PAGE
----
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Chronic Homelessness Declining in Utah

The estimated number of people who are homeless in Utah has declined nearly 10 percent since 2012. In addition, homelessness among families with children dropped by 8 percent. The news came from the state’s comprehensive report on homelessness, which was released today, the same day of Utah’s 10th Annual Homeless Summit at the Sheraton Hotel in Salt Lake City.

A person who suffers from chronic homelessness has been homeless longer than a year or has had four episodes of homelessness over a period of three years. That person also has a debilitating condition like mental illness, including alcoholism and drug addiction.  Those belonging to this group make up 3 percent of Utah’s overall homeless population. 

“Anyone who fits into that is who we’re really targeting,” says Gordon Walker, director of Utah’s Housing and Community Development Division. He says although the chronically homeless are a small part of the homeless population, they’re the most expensive and most difficult population to deal with.

In 2005, Utah established a 10-year-plan to end chronic homelessness in the state. Walker says that reality began with a new philosophy.

“It used to be that homeless individuals were asked to change their lives and then they would be eligible for housing,” Walker says. “What we did is we said, hey our problem is homelessness, put people into housing, then we provide them with help and support so that they can change their lives if they want to.”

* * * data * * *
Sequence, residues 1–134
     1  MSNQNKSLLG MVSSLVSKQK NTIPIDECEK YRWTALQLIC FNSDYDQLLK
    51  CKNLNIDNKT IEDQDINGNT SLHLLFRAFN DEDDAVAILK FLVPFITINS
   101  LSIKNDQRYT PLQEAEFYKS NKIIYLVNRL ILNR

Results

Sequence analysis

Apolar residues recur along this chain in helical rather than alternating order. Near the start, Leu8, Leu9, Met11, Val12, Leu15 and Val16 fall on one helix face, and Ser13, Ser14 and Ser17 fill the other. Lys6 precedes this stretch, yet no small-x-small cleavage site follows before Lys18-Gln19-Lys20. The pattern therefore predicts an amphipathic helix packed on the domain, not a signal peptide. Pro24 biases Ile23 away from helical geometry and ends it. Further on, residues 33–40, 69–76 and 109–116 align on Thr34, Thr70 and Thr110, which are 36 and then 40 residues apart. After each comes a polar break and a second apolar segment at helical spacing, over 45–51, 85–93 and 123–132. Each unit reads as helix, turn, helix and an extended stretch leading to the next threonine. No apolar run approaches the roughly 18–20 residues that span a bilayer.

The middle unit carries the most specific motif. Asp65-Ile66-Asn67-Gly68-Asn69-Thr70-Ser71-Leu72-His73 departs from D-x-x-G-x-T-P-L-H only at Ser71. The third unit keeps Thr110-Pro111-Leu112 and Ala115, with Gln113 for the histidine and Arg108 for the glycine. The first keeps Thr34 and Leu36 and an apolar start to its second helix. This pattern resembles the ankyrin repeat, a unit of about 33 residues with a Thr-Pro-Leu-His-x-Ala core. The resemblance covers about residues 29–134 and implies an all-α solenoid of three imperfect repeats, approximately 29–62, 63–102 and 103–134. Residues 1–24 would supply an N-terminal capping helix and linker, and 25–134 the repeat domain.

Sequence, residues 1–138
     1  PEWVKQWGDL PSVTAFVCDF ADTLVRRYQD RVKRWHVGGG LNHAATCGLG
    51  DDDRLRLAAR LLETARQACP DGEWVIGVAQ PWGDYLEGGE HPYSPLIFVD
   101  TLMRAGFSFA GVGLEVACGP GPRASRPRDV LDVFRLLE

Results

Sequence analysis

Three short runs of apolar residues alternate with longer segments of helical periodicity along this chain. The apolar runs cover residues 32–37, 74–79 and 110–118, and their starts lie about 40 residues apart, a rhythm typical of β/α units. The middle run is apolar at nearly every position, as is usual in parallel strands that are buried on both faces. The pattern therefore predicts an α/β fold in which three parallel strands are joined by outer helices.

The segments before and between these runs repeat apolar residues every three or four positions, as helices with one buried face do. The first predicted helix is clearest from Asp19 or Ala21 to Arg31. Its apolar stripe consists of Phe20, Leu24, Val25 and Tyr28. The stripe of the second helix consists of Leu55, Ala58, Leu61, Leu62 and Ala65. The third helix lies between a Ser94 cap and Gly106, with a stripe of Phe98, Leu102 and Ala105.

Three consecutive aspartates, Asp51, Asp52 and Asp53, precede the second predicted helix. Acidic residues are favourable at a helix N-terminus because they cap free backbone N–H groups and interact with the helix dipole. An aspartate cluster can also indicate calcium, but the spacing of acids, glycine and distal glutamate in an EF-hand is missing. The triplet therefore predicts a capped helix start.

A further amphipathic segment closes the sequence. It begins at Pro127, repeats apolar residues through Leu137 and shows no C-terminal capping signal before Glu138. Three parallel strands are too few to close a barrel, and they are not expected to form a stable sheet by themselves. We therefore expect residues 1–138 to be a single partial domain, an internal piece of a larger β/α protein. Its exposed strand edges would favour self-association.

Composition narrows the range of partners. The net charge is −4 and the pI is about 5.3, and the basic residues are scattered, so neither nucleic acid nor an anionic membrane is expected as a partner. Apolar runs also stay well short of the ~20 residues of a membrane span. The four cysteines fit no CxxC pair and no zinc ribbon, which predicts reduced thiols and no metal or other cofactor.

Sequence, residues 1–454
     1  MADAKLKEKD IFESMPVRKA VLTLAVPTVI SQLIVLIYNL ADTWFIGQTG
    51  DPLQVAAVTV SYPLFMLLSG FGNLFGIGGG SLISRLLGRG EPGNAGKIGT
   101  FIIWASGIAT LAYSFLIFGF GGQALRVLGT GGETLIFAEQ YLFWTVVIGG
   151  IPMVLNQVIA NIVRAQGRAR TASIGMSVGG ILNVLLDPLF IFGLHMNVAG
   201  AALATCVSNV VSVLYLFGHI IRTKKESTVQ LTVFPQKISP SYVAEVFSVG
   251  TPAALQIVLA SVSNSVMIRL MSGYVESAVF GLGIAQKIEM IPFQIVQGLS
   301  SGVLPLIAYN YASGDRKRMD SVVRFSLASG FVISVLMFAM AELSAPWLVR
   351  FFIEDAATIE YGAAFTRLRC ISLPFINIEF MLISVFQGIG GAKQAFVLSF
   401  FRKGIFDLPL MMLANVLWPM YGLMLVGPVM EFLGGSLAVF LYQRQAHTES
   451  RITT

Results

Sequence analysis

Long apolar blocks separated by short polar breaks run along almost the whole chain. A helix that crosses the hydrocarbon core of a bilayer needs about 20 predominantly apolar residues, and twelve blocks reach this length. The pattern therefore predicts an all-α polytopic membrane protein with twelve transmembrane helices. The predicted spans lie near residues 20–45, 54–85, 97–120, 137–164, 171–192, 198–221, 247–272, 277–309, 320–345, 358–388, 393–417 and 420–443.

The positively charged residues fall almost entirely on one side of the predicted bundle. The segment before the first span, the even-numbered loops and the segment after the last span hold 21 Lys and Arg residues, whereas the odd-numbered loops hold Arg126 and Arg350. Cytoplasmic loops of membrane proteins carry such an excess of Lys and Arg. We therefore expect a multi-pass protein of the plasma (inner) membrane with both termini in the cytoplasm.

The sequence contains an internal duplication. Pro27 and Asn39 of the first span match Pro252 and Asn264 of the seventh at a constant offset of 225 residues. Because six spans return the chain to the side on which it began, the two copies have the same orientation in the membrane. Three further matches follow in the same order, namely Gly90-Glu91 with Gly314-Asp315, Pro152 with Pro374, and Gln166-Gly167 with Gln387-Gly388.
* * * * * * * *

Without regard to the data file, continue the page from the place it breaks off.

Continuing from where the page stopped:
Nathan Stapley is a housing case manager for The Road Home homeless shelter. He says the current system for combating homelessness in Utah is a good one, but medical outreach is an area that needs work. 

“Ask anybody that’s on the streets, when you’re really sick, where they end up is in the ER,” Stapley says. “That’s one of the biggest issues that I’d like to see addressed more is how can we get doctors and nurses out to this population?”

The number of people in Utah suffering from chronic homelessness has shrunk from about 1900 in 2005 when the state began its 10-year-plan to fewer than 300 now.  

Whittney Evans grew up southern Ohio and has worked in public radio since 2005. She has a communications degree from Morehead State University in Morehead, Kentucky, where she learned the ropes of reporting, producing and hosting. Whittney moved to Utah in 2009 where she became a reporter, producer and morning host at KCPW. Her reporting ranges from the hyper-local issues affecting Salt Lake City residents, to state-wide issues of national interest. Outside of work, she enjoys playing the guitar and getting to know the breathtaking landscape of the Mountain West.
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